The wedding ring is generally worn on the ring finger of the left hand in the former British Empire, certain parts of Western Europe, certain parts of Catholic Mexico, Bolivia and Central and Eastern Europe. These include: Australia, Botswana, Canada, Egypt, Ireland, New Zealand, South Africa, the UK, and the US; France, Italy, Portugal, Sweden, Finland, Catalonia and Valencia (not the rest of Spain); Czech Republic, Slovakia, Switzerland, Croatia, Slovenia, and Romania.

The wedding ring is worn on the ring finger of the right hand in some Orthodox and a small number of Catholic European countries, some Protestant Western European, as well as some Central and South American Catholic countries.[5] In Eastern Europe, these include: Bulgaria, Greece, Georgia, Latvia, Lithuania, Macedonia, Russia, Serbia and Ukraine. In Central or Western Europe, these include: Austria, Belgium, Denmark, Germany, Hungary, Poland, Netherlands [if not Catholic], Norway, and (Catholic) Spain (except in Catalonia and Valencia). In Central or South America, these include: Colombia, Cuba, Peru, Venezuela.

The ring is worn on the right hand until the actual wedding day, when it is moved to the left hand in Turkey, Lebanon, and Syria as well as in Romania and Brazil.

Non-Western customs[edit]

In Sinhala and Tamil culture, the groom wears the wedding ring on his right hand and bride wears it on her left hand ring finger. This can be seen in countries like Sri Lanka where there is a rich Sinhala and Tamil cultural influence in the society.[6]

A wedding ring is not a traditional part of the religious Muslim wedding and wedding rings are not included in most Islamic countries, However, if a wedding ring is worn in an Islamic country, it may be worn on either the left (such is the custom in Iran) or the right ring finger (as in Jordan). As opposed to the wedding ring, use of a ring to denote betrothal or engagement is quite prevalent in Muslim countries, especially those in West and South Asia. Muslim engagement rings are typically worn on the right finger by men, and the left finger by women.

In a traditional Jewish wedding ceremony, the wedding ring is placed on the bride's righthand index finger[7], but other traditions place it on the middle finger or the thumb, most commonly in recent times.[8] Today, the ring usually is moved to the left hand ring finger after the ceremony. Some Jewish grooms have adopted wearing a wedding ring.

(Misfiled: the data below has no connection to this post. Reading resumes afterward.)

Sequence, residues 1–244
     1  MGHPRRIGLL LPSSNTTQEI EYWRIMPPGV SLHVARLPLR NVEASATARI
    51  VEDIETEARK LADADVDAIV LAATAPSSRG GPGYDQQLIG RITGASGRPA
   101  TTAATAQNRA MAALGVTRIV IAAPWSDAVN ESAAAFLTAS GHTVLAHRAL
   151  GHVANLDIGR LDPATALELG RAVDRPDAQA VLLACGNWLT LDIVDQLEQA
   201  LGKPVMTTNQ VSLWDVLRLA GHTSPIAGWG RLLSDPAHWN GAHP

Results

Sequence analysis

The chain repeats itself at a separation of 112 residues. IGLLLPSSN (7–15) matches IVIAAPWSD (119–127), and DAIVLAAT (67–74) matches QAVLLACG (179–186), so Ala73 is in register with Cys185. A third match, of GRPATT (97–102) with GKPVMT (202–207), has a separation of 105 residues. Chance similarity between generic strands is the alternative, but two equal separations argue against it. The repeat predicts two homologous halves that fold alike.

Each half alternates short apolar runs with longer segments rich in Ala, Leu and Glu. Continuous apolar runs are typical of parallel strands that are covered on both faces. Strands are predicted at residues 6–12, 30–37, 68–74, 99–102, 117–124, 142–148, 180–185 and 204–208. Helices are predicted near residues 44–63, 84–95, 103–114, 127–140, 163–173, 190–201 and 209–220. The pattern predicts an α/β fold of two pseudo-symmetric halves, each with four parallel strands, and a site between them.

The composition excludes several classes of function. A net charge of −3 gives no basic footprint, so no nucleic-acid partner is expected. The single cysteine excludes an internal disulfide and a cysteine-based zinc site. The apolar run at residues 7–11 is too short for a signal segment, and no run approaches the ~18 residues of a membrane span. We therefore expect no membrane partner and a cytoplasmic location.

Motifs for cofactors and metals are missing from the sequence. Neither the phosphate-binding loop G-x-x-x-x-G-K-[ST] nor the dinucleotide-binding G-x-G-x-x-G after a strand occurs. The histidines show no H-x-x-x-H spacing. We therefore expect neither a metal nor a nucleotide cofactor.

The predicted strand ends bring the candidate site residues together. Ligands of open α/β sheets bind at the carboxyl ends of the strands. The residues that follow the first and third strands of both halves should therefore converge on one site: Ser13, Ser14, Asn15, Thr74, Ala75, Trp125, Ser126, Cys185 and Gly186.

Rings are not traditional in an Indian wedding. However, in modern society it is becoming a practice to wear rings for engagements and not for actual marriage. Though the left hand is considered inauspicious for religious activities, a ring (not to be called wedding ring) is still worn on the left hand. Men generally wear the rings on the right hand and the women on the left hands.

See also[edit]

  • Digit ratio, comparative lengths of the index finger and ring finger and androgen levels in utero

References[edit]

  1. ^ Magyar, László A. "Digitus Medicinalis — the Etymology of the Name" Actes du Congr. Intern. d'Hist. de Med. XXXII., Antwerpen. 175-179., 1990, retrieved September 2, 2009
  2. ^ "Third finger". Dictionary.com Unabridged. Random House. Retrieved 2012-08-05.
  3. ^ George Frederick Kunz (1917). Rings for the finger: from the earliest known times, to the present, with full descriptions of the origin, early making, materials, the archaeology, history, for affection, for love, for engagement, for wedding, commemorative, mourning, etc. J. B. Lippincott company. pp. 193–194.
  4. ^ Mukherji, Subha (2006), Law and Representation in Early Modern Drama, Cambridge University Press, pp. 35−36, ISBN 0521850355
  5. ^ Why in the Orthodox tradition do we wear the wedding ring on the left hand?, antiochian.org
  6. ^ "A Sri Lankan Tamil Hindu Wedding" (PDF). Archived from the original (PDF) on 2012-09-03.
  7. ^ "Guide to the Jewish Wedding". aish.com.
  8. ^ David Sperber, in: Daniel Sperber, Minhagei Yisrael Vol. 4, Jerusalem 1995, pp. 92-93 (Hebrew)

External links[edit]